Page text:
McDaniel: The Providential History of Thanksgiving

By Senator Chris McDaniel

In the difficult winter of 1777, General George Washington’s army was suffering from bitter cold, a lack of supplies and the obvious superiority of British forces. Many of his soldiers were in agony from severe frostbite, with feet and legs often frozen until they became black. Mandatory amputation of the injured appendages was widespread, disease was rampant and troop morale was low. [Read more…]

The Incomparable Mr. Jefferson

In honor of the #StandwithJefferson movement at the University of Missouri, where conservatives are battling moronic leftists who, in shades of ISIS, are attempting to remove a statue of Thomas Jefferson from the campus, I am reposting a column I wrote many years ago honoring one of our greatest Presidents.

By Ryan S. Walters

Historians and presidential scholars have argued for decades over which president was the greatest and most influential of all time.  It is an argument without end.

In my estimation one must stand out above all others.  Thomas Jefferson should be ranked as our greatest president, especially by all those who love liberty and honor the true values of the American Revolution. [Read more…]

McDaniel: The Demise of Constitutional Government

By Senator Chris McDaniel

Thomas Jefferson and Alexander Hamilton were both active in the Revolutionary effort and in the founding of the United States. Later they served under President George Washington, with Jefferson becoming the first Secretary of State and Hamilton the first Secretary of the Treasury.

But from the republic’s inception, the two harbored opposing visions of the how the young country should mature. [Read more…]

Deeply Divided: How Conservatives will overcome the Establishment and reform our party, our state and our nation

By Senator Chris McDaniel

Much has been made about the present divide in the Republican Party.  Mississippi is no stranger to the controversy.  My U.S. Senate race against Thad Cochran in 2014 exposed deep divisions within the party, both state and national.

Incumbent U.S. Senator Thad Cochran had to rely upon thousands of liberal Democrats to win a Republican primary.  In so doing, his campaign resorted to dirty, underhanded, and sleazy tactics that have been well-documented.  Not only did his campaign play the “race card” while openly encouraging liberals to cross-over and participate to the GOP primary, he openly campaigned like a Democrat — pushing for more big government, massive federal subsidies, pork-barrel spending, and increased food stamp participation.  In what’s perhaps the most conservative state in the republic, he expressly repudiated the Republican platform for the state and country to see. [Read more…]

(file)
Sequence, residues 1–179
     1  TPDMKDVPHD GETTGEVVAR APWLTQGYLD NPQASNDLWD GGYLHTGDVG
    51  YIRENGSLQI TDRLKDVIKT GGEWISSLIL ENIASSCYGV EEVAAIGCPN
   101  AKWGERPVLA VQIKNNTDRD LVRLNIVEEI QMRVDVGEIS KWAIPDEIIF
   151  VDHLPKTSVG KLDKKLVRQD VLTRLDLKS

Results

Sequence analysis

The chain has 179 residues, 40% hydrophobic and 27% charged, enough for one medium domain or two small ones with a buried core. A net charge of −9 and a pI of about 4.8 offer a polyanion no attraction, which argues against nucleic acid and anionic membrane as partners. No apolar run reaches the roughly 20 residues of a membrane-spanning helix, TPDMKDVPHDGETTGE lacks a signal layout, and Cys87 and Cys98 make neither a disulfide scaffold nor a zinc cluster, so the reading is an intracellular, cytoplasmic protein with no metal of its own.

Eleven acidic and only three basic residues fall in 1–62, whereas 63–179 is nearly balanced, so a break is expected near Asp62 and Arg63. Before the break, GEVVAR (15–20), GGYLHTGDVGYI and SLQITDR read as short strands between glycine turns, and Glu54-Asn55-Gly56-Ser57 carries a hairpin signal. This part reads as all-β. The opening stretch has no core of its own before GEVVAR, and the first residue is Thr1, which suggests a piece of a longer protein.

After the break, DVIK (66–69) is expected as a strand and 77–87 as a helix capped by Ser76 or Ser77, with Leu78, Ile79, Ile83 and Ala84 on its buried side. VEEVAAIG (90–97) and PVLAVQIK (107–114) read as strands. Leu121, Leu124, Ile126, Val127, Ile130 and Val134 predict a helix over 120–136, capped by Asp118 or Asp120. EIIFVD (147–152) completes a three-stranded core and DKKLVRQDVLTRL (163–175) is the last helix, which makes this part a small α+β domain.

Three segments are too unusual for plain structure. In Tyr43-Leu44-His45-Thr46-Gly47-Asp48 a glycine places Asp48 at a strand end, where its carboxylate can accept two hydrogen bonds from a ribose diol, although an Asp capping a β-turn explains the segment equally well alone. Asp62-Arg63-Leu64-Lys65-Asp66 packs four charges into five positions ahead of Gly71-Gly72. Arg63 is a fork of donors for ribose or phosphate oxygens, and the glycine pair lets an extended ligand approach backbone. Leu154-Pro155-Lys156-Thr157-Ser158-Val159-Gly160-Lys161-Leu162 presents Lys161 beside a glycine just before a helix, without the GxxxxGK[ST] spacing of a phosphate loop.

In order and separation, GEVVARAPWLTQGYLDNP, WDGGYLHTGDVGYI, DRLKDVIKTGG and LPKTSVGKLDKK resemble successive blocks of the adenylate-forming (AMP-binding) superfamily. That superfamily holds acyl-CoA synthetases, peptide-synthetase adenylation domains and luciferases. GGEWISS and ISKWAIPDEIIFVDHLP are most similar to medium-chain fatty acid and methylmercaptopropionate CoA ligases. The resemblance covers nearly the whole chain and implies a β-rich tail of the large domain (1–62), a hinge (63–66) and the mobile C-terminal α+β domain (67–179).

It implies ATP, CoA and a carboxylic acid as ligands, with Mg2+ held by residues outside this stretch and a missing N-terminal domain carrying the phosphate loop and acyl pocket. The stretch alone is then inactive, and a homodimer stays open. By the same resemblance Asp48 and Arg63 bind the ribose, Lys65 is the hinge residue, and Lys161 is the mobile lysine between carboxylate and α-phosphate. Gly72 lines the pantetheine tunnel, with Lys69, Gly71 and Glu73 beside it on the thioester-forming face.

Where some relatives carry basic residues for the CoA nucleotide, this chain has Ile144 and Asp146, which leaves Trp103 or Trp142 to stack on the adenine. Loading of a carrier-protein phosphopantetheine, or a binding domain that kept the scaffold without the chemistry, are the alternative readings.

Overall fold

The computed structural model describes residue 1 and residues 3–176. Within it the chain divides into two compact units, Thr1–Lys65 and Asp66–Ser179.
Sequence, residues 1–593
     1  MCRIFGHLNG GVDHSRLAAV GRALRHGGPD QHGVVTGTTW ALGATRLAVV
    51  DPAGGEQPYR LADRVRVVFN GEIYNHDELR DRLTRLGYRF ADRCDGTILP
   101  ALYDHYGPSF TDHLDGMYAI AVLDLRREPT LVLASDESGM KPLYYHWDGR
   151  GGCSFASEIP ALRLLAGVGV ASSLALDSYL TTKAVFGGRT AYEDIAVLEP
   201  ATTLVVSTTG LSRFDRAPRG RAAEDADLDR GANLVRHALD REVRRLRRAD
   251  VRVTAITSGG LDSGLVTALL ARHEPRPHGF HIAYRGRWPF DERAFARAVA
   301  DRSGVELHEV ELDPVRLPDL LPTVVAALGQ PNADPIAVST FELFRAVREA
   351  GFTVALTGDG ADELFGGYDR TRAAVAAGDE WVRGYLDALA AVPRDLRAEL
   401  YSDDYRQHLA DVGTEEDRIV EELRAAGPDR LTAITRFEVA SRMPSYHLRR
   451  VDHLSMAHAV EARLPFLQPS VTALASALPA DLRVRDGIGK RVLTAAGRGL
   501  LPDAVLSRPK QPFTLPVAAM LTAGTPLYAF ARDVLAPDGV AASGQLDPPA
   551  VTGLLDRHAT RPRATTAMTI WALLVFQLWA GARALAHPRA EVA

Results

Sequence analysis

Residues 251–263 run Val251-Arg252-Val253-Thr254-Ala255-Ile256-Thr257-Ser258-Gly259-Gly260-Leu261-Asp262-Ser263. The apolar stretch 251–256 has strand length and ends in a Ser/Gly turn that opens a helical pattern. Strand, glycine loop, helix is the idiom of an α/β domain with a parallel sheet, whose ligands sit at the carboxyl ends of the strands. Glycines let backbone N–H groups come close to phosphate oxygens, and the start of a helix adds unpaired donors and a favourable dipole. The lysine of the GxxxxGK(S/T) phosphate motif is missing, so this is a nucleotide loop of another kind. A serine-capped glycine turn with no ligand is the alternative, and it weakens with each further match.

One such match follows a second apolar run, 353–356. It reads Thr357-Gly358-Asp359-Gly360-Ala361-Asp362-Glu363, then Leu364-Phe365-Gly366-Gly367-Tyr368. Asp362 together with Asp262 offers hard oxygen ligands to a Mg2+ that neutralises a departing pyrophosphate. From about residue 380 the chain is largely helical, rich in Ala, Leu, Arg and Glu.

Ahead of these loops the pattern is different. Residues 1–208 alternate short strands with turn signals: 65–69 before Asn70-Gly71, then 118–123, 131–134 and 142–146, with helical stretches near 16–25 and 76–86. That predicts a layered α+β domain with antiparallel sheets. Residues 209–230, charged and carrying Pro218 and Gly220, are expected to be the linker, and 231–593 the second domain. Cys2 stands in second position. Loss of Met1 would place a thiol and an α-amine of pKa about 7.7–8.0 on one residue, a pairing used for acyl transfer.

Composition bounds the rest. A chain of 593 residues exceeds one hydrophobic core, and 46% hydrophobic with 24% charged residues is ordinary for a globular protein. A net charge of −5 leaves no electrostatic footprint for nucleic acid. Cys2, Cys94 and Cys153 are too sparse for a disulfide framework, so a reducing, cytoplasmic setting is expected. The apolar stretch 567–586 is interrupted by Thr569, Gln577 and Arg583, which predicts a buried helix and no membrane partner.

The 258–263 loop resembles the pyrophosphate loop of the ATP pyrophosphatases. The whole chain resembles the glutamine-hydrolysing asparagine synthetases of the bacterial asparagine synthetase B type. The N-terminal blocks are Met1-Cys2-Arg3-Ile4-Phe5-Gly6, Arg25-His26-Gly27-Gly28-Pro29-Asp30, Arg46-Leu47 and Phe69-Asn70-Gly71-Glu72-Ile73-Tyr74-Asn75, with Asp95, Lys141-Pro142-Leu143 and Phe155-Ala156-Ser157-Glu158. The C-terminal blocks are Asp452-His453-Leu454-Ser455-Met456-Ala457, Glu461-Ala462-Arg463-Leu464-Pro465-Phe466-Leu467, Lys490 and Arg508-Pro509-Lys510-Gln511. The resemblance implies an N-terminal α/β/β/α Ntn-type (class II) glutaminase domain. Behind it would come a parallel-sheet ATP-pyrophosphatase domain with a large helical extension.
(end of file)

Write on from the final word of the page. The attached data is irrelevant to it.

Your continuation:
McDaniel: No Regulation Without Representation

By Senator Chris McDaniel

When our Founders crafted the Constitution, they wisely placed “all legislative powers,” that is law-making authority, in the hands of Congress, the representatives of the states and the people.  It is not a mistake that Congress and its powers were established in Article One, for it was envisioned as the most powerful of the three branches because it alone would decide the laws that would govern the central authority, albeit in accordance with the powers provided in the Constitution. [Read more…]

Walters for Governor 2019: Or, Why I’m Considering Getting In On The Deal

Ryan S. Walters | @ryanswalters73

No, I’m not really planning to win the governorship in 2019. I’m just planning on running a campaign. You see, it seems that in Mississippi, at least according to some in the Establishment, as well as their many defenders across the gulf of cyberspace, you can spend campaign funds for personal expenses. Who knew?

Wow, what a revelation! I’ve learned so much in the past few days. Why didn’t I think of this sooner? Why haven’t a lot of us?

All you have to do, it seems, is use your “campaign” assets (and simply call it a campaign asset seems to be sufficient) on occasion for an official campaign related event, large or small, and you are home free. Sounds like very good work if you can get it. [Read more…]

The Arrogance of Barack “Woodrow” Obama: A Lesson From History

Ryan S. Walters | @ryanswalters73

There have been a number of articles in the last six years making the comparison between President Obama and one of his predecessors, Woodrow Wilson, who served as President from 1913 to 1921. Many of these pieces focus on policy similarities. But I would like to center on perhaps one neglected aspect – self-righteous arrogance displayed by both men, particularly on foreign policy.

Wilson and Obama have similar backgrounds – both Ivy Leaguers, both college professors (although Wilson was a real scholar with voluminous published writings, and later president of Princeton), both Nobel Peace Prize winners, and obviously both progressive Democrats. And both could be notoriously self-righteous and arrogant, believing themselves to be the smarted guy in the room. [Read more…]